Although hopping is considered a children's activity, it can be used to provide insight into the neuromuscular and biomechanical performance of adults. This study investigated whether mass added during unipedal hopping altered the vertical stiffness, hopping period, and angular kinematics of the lower exteremity of adults. Measures of two-dimensional kinematics and vertical force were made from 10 healthy men during hopping at a preferred period under three conditions: Body Mass, Body Mass +10%, and Body Mass +20%. Adding mass significantly increased hopping period and hip flexion without significantly affecting vertical stiffness, ankle dorsiflexion, or knee flexion. Overall, the findings agreed with predictions based on a simple mass spring model. The results indicate unique kinetic and kinematic responses to increased mass during hopping may have potential application in neuromuscular assessment and training of the lower extremities.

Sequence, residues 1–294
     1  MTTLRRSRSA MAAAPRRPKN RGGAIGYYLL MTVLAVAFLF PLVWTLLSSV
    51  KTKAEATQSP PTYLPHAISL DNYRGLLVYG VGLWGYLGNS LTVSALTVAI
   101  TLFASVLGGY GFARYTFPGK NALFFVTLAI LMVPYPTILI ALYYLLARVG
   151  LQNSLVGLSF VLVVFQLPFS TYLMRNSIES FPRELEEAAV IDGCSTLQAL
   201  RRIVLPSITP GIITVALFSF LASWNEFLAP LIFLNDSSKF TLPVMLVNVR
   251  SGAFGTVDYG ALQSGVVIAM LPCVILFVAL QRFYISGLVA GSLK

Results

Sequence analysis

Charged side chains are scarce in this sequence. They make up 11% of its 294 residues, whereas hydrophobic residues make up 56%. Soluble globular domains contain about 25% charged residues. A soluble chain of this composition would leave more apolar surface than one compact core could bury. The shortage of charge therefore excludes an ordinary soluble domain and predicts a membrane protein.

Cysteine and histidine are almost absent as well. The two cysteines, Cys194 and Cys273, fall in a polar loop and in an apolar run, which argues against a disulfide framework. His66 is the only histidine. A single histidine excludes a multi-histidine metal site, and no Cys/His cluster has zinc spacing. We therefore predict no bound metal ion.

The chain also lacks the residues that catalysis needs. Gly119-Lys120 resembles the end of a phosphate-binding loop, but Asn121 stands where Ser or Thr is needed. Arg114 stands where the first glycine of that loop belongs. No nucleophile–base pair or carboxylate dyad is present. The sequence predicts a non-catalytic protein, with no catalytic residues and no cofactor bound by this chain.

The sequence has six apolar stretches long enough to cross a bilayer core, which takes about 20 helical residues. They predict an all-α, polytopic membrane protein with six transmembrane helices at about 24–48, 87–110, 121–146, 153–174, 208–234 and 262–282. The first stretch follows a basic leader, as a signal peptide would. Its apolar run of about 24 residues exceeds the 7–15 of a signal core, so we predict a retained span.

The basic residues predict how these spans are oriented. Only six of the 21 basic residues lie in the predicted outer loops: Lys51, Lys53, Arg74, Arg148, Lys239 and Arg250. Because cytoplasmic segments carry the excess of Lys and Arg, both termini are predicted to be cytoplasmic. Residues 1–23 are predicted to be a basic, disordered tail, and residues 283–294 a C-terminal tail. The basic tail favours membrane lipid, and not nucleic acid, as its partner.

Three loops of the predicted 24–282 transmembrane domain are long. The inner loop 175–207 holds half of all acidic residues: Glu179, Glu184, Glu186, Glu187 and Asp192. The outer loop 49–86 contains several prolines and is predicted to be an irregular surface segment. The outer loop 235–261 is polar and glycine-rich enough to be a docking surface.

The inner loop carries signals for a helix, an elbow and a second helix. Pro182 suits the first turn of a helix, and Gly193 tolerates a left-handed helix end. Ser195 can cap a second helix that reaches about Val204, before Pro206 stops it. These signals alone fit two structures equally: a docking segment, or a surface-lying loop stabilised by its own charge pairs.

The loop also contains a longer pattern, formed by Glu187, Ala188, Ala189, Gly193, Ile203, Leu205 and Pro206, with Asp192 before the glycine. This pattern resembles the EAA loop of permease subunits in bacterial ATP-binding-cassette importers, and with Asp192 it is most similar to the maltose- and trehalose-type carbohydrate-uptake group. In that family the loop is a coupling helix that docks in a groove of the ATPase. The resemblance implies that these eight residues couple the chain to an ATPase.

Austin, G.P., Garrett, G.E., & Tiberio, D. (2002). Effect of added mass on human unipedal hopping. Perceptual and Motor Skills 94(3), 834-840.
Perceptual and Motor Skills